Those plans would likely see Comcast leverage some of its overseas media properties, including its Sky satellite service in Europe, in order to boost marketing and strike program distribution deals for an international variant of its streaming service.
“As Peacock gained scale in the U.S., we see compelling ways we can expand internationally,” Brian Roberts, the chief executive of Comcast, said on a conference call with investors and reporters this week. “We’re looking to take advantage of the brand and scale of Sky across our European markets, and potentially strike partnerships with local programmers and distributors in geographies where it makes sense.”
Roberts said additional details of a global rollout for Peacock could be made available later this year.
The executive’s comments were the most-direct on the issue of Peacock potentially flying in overseas markets, but the consideration is hardly new: While the streaming service was in its earliest planning stages, executives chose the name “Peacock” because it served as a callback to the company’s flagship broadcast network, NBC, while giving Comcast the flexibility to offer Peacock as a streaming service with non-NBC content in regions where the NBC brand name is not as familiar to media consumers. Currently, Peacock is only available in the United States.
Comcast launched Peacock last April through a limited test run, offering its Xfinity video and Internet subscribers early access to the service. The service officially launched outside of Comcast’s limited run three months later, though users of Roku’s streaming devices didn’t gain access to the service until September. (Amazon Fire TV customers are still not able to install the app through conventional means.)
The streamer offers a free tier of service with a few programs and a premium tier with an expanded library of movies and TV shows for $5 a month. Both plans are supported by advertisements; Comcast customers who lease certain hardware are eligible to receive the premium version for free, and all Peacock premium streamers can pay an extra $5 a month to remove commercials from the service’s on-demand library.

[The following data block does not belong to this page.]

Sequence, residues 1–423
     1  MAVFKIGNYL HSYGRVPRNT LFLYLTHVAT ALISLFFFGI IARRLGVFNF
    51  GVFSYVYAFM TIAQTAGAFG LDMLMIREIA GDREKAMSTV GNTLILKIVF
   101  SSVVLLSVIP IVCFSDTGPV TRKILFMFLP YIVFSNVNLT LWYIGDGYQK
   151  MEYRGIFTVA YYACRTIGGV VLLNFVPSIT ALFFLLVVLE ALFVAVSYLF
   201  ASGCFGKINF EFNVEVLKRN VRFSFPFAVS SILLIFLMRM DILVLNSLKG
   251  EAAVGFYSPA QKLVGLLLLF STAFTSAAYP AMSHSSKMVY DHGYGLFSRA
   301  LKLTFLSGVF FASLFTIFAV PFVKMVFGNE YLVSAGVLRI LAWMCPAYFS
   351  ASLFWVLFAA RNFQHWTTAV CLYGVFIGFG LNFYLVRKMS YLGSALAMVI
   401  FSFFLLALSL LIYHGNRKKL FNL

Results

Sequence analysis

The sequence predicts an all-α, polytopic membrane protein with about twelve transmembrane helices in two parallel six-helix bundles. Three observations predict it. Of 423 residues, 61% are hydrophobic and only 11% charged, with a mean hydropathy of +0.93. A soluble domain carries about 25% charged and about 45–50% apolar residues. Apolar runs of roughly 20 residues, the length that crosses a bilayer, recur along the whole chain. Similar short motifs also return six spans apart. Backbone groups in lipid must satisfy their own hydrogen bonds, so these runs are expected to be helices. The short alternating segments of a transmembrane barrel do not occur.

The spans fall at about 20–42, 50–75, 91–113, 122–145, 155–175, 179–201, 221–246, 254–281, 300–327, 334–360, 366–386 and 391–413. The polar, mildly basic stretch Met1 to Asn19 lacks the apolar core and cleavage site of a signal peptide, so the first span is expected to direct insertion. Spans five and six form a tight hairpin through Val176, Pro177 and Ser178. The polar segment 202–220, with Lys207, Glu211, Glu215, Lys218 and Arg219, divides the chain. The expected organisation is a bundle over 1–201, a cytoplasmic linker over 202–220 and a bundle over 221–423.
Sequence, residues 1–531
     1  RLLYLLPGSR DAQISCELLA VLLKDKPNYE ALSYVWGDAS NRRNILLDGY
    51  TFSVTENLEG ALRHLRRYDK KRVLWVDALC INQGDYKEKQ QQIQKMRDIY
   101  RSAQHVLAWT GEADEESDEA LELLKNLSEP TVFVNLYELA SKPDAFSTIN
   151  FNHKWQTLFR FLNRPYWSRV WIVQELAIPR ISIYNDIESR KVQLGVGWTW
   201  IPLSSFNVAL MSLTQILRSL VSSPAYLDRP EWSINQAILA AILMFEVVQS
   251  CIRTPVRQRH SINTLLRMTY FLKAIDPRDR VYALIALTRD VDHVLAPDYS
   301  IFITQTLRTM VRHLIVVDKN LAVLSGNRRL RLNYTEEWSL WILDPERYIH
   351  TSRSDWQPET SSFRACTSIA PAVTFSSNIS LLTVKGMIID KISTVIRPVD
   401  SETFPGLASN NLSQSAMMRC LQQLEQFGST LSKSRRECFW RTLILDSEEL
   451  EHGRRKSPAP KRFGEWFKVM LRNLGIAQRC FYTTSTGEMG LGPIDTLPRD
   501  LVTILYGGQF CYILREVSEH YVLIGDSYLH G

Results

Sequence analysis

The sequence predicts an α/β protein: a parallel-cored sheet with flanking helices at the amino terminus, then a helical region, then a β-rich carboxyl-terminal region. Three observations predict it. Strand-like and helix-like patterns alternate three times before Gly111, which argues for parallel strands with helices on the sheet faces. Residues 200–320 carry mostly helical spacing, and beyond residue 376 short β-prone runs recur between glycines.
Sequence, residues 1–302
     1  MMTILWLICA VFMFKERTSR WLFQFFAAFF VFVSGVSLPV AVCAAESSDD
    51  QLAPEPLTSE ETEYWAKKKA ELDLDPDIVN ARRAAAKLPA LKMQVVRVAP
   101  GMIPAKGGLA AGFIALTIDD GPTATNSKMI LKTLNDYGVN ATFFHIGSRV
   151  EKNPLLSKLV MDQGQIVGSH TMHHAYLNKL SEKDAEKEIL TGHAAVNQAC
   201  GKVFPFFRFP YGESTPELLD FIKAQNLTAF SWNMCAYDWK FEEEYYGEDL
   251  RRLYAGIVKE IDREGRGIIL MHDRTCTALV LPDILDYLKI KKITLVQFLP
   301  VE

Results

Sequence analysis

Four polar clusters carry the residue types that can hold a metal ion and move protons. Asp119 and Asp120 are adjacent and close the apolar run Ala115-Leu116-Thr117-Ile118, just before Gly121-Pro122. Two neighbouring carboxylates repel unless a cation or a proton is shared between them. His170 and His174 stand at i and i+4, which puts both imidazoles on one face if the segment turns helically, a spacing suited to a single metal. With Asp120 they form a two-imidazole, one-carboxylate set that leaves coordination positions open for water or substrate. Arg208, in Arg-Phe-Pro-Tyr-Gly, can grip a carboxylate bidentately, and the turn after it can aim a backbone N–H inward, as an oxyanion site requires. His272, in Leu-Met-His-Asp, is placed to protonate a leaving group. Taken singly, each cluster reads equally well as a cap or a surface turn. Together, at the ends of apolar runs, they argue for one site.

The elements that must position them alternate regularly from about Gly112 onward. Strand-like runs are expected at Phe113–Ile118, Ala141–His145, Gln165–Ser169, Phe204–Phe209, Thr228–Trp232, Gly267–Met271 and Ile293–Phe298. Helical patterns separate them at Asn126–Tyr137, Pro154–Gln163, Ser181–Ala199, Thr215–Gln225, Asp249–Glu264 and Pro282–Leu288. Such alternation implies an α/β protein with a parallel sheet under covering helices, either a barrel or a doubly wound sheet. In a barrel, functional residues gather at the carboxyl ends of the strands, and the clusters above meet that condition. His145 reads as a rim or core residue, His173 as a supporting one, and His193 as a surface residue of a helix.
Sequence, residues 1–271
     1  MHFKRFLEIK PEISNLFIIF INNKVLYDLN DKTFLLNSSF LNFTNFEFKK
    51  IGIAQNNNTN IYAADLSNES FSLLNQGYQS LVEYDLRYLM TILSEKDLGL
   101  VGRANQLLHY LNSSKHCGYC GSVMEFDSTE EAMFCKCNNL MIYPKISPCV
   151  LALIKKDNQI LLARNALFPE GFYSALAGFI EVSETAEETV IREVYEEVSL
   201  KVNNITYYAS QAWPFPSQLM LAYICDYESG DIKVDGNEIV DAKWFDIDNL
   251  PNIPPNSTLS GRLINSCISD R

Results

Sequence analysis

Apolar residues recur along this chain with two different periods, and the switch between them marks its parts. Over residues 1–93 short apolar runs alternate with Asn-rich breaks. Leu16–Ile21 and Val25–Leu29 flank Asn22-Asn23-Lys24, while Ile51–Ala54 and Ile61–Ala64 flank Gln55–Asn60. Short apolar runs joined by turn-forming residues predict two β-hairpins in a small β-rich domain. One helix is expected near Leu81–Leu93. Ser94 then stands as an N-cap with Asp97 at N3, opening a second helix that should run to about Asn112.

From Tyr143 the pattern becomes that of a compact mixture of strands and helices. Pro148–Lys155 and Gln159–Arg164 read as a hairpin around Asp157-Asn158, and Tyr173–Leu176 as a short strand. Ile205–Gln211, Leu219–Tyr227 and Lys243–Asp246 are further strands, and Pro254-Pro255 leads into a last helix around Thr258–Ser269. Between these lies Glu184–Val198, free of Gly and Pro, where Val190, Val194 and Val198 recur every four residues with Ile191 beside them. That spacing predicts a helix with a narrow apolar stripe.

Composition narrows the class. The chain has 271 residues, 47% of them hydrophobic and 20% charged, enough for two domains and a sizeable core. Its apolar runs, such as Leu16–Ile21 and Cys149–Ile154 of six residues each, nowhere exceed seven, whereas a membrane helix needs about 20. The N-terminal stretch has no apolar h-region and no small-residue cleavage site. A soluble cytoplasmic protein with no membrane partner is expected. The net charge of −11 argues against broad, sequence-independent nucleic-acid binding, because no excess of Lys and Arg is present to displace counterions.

Since it launched, Comcast has made a deep investment in juicing up Peacock’s programming: It snagged domestic streaming rights from Netflix for “The Office” while offering die-hard fans of the sitcom deleted scenes and expanded episodes. Earlier this year, it announced some live sporting events would move away from its own cable network, NBCSN, for Peacock.
More-recently, Comcast signed an agreement with World Wrestling Entertainment (WWE) that earned Peacock the heavyweight title of being the exclusive distributor of the WWE’s live events, documentaries and original programs.
That investment in programming helped Comcast land 42 million sign-ups to Peacock as of last month, according to figures released by the company this week. Roughly one-third of customers who sign up for the service stream Peacock’s content on a monthly basis, according to company executives.
“We’ve only been national for less than a year,” Roberts noted. “Hulu has been 13 years, so we’re very pleased with how [Peacock has] grown steadily.”
Peacock’s success could also have a significant impact on programming and investment at NBC, which continues to be a focus for Comcast, but one that could shift over the next few years. Without revealing specific data, Roberts said the average Peacock streamer “is using Peacock more than an average viewer is watching NBC.”